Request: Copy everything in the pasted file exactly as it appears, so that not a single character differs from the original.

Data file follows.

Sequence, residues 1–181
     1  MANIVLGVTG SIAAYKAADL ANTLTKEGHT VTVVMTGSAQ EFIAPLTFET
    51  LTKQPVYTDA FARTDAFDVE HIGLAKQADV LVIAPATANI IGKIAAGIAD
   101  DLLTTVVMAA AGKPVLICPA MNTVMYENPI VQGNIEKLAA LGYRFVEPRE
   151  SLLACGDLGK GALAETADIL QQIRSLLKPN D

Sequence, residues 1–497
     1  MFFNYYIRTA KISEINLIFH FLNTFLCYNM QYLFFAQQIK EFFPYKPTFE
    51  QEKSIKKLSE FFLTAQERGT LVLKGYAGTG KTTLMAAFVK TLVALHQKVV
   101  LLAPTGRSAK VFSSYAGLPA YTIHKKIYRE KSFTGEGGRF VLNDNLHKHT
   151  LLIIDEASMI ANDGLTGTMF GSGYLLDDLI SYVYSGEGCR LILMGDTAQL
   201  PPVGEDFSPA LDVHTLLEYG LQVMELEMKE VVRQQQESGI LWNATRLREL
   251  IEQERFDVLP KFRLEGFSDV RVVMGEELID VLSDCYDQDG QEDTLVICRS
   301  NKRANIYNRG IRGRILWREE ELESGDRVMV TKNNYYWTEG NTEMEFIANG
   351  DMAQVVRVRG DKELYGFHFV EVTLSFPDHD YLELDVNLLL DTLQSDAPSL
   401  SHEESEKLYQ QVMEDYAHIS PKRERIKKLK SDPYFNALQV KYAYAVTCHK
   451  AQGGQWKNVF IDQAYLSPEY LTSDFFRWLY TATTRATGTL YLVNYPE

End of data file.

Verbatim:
Sequence, residues 1–181
     1  MANIVLGVTG SIAAYKAADL ANTLTKEGHT VTVVMTGSAQ EFIAPLTFET
    51  LTKQPVYTDA FARTDAFDVE HIGLAKQADV LVIAPATANI IGKIAAGIAD
   101  DLLTTVVMAA AGKPVLICPA MNTVMYENPI VQGNIEKLAA LGYRFVEPRE
   151  SLLACGDLGK GALAETADIL QQIRSLLKPN D

Sequence, residues 1–497
     1  MFFNYYIRTA KISEINLIFH FLNTFLCYNM QYLFFAQQIK EFFPYKPTFE
    51  QEKSIKKLSE FFLTAQERGT LVLKGYAGTG KTTLMAAFVK TLVALHQKVV
   101  LLAPTGRSAK VFSSYAGLPA YTIHKKIYRE KSFTGEGGRF VLNDNLHKHT
   151  LLIIDEASMI ANDGLTGTMF GSGYLLDDLI SYVYSGEGCR LILMGDTAQL
   201  PPVGEDFSPA LDVHTLLEYG LQVMELEMKE VVRQQQESGI LWNATRLREL
   251  IEQERFDVLP KFRLEGFSDV RVVMGEELID VLSDCYDQDG QEDTLVICRS
   301  NKRANIYNRG IRGRILWREE ELESGDRVMV TKNNYYWTEG NTEMEFIANG
   351  DMAQVVRVRG DKELYGFHFV EVTLSFPDHD YLELDVNLLL DTLQSDAPSL
   401  SHEESEKLYQ QVMEDYAHIS PKRERIKKLK SDPYFNALQV KYAYAVTCHK
   451  AQGGQWKNVF IDQAYLSPEY LTSDFFRWLY TATTRATGTL YLVNYPE